Penguins May Be out of Gas

They’ve played over 200 hockey games in the past two seasons, they’re missing one of the world’s best defenseman and they got embarrassed in Game’s 3 & 4 of the Stanley Cup Final against the 16th seeded team in the playoffs. Hockey analysts will try to pinpoint reasons why the Penguins are losing but at the end of the day, maybe Pittsburgh is simply out of gas.

Speed Versus Skill

On paper, Pittsburgh has more talent. Sidney Crosby, Evgeni Malkin and Phil Kessel are likely future Hall of Famer’s — I don’t know if the Predators have any forwards headed that way. Why can’t Pittsburgh score lately? The speed of the Predators keeps the puck in front of Matt Murray and the skill becomes less of a factor.

What’s better than speedy forwards? Speedy, skilled defensemen. P.K. Subban, Roman Josi and Mattias Ekholm are among the best defensemen in the NHL and are far more skilled than their Pittsburgh counterparts. When the Predators are successfully scoring goals, their defense plays a big role in making that happen. Through the first four games, the Predators top four defensemen in Josi, Subban, Ryan Ellis and Ekholm have equal the points (11) that the Penguins top four skaters in Crosby, Malkin, Kessel and Jake Guentzel have.

There is only so much the Penguins can do to mask their obvious disadvantage on defense. Letang’s absence is very apparent and Murray needs help. He can be better, but the easiest way to stop a breakaway shot is for the defense not to let the skater breakaway. It should be noted that Chad Ruhwedel and Mark Streit are healthy and their fresh legs may be a solid replacement for Ron Hainsey who’s been less than mediocre lately.

Scoring Feast or Famine

Nine goals for, four goals against: two wins. Two goals for, nine goals against: two losses. The goals have either flowed like a river that led to wins or plugged at the source leading to losses.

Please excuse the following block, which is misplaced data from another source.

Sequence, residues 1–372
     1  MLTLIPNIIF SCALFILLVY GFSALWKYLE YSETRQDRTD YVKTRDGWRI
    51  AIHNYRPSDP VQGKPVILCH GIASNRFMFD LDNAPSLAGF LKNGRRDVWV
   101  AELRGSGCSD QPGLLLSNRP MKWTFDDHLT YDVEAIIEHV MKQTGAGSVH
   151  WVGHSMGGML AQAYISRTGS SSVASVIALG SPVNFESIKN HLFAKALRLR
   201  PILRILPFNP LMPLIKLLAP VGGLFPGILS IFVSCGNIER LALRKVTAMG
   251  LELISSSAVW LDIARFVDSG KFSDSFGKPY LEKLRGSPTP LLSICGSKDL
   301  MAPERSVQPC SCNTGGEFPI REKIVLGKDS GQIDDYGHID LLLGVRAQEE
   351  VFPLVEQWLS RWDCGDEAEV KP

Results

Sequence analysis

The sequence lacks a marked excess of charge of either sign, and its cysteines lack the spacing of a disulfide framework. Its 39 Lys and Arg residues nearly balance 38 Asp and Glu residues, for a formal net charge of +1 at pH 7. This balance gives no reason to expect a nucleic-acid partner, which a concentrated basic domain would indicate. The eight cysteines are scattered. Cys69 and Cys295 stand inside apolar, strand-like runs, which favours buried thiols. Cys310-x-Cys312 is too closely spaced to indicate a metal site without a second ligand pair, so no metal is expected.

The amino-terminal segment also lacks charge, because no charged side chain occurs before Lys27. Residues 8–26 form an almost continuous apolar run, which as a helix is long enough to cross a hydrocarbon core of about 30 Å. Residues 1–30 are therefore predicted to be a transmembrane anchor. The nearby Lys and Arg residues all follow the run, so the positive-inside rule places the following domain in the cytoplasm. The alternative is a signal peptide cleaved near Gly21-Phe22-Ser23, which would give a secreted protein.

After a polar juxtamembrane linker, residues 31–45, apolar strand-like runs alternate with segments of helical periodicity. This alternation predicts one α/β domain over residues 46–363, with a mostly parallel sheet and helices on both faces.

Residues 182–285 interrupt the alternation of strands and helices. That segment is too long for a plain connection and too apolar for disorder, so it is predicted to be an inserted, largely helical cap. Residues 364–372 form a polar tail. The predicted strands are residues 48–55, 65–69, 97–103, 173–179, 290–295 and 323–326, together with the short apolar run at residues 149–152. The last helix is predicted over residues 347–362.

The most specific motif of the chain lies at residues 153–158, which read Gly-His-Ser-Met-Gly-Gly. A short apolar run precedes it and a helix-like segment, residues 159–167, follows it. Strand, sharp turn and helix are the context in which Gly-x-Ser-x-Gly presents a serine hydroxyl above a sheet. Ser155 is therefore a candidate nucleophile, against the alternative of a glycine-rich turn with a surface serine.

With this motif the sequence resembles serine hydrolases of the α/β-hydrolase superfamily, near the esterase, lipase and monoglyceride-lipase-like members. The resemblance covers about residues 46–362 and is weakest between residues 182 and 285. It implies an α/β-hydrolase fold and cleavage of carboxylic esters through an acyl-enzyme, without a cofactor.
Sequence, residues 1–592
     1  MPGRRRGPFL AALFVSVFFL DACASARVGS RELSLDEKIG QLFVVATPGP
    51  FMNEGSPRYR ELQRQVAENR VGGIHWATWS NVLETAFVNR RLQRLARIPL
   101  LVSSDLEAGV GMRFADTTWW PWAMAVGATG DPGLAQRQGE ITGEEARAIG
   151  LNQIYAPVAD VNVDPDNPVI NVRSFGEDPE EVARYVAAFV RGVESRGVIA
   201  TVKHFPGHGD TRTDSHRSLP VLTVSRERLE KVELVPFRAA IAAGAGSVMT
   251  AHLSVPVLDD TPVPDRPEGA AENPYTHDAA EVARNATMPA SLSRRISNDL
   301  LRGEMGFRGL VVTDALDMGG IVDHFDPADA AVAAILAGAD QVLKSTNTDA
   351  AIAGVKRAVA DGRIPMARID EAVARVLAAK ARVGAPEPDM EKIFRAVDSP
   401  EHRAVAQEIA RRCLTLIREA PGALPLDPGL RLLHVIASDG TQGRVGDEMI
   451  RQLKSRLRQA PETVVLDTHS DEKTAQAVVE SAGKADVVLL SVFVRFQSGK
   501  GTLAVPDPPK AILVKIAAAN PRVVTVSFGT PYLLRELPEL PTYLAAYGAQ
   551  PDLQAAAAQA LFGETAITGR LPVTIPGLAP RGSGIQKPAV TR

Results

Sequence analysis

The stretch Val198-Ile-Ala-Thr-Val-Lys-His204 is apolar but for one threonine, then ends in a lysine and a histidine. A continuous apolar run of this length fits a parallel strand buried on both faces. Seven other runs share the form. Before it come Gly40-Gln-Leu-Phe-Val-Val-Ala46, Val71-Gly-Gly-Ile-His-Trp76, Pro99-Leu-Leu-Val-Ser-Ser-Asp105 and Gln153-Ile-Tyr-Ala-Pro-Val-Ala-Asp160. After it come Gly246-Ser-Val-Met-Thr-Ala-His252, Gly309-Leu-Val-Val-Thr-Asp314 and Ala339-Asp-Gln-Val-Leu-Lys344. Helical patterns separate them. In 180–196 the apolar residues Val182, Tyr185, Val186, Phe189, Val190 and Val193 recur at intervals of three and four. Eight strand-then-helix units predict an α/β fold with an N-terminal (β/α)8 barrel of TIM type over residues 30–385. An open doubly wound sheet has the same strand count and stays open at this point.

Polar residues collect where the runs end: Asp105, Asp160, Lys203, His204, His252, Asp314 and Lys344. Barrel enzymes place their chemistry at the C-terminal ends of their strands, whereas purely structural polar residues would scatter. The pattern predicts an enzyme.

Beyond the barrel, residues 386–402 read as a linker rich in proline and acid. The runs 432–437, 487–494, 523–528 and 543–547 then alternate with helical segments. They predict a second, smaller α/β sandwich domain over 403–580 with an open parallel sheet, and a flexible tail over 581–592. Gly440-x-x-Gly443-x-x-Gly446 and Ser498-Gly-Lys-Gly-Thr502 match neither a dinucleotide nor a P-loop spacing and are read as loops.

Pekka Rinne was awful through the first two games and was certainly a big reason that Pittsburgh took an early series lead. But Rinne doesn’t lose at home and once again looked like the Conn Smythe candidate he’s been all playoffs long.

Matt Murray played exceptionally well in Pittsburgh and gave his team a chance to win, whereas in Games 3 and 4, he looked a step slow. He wasn’t terrible, but it’s a wonder that he wasn’t pulled after surrendering five goals in Game 3 and an ugly three goals in Game 4.

Matt Murray remained lackluster compared to Rinne in Music City. The Predators quickly learned the glove side was Murray’s weak spot, and their sweet spot. – Johanna Albertsson

The truth is, though, Pittsburgh has yet to play a great game. They’re beat up and they are being outplayed in every facet of the game. Nashville looks like a team that can win the Stanley Cup… Pittsburgh, as of right now, does not. Sure, the talent is there and the chances are there, but how much longer can the Penguins rely on good bounces and a shaky Rinne? After Game 4, I think it’s clear — something has to change or Pittsburgh won’t repeat as Champions.

Passing, Pressure & Power Plays

The Penguins haven’t looked like the team that won a Stanley Cup for most of these playoffs. They’ve been outplayed for large stretches, but they’ve found ways to win. They have to win two of three games to do it again, and I believe that’s possible. But Coach Sullivan has got to make a few changes. Murray is not one of them. No further comment needed.

Matt Murray is the goalie who can win for the Penguins now (Marc DesRosiers-USA TODAY Sports)

At times, the Penguins have figured out the Predators. Pass the puck through the neutral zone and keep it away from Rinne behind the goal. The pressure has to be sustained for longer stretches to wear down the Predators, especially while they are playing away from home. Nashville is the less experienced team and without the energy that the Bridgestone Arena offers, they are crackable.

The power play needs to start producing goals. Game 4 only gave Pittsburgh one chance with a man advantage and it looked infinitely better than Game 3, but it’s now been three games since the Penguins notched a power play goal and they need to break through. This is where Kessel has made his living during these playoffs and for a forward who could’ve won the Conn Smythe a year ago, he needs to find a way to contribute.

Phil Kessel has yet to make a [positive] mark on this series (Christopher Hanewinckel-USA TODAY Sports)

There’s a Reason They Play the Game

The Penguins have played nearly every type of game in the last month — they’ve been embarrassed, they’ve done the embarrassing and ran teams out of the building, they’ve won 1-0 games and they’ve won games in overtime. They’ve bounced back and been resilient and also fallen into slumps where it seemed as if all hope was lost.

At the end of the day, they have to win two more games. They can certainly do it, and you have to believe they’ll find a way. They’ve given the hockey world every reason to believe in their knack to win.

But Smashville is special and it’s taking the NHL by storm. Each team has put themselves in a position to win the Stanley Cup, and no matter what we write or say, a team will win it on their own accord.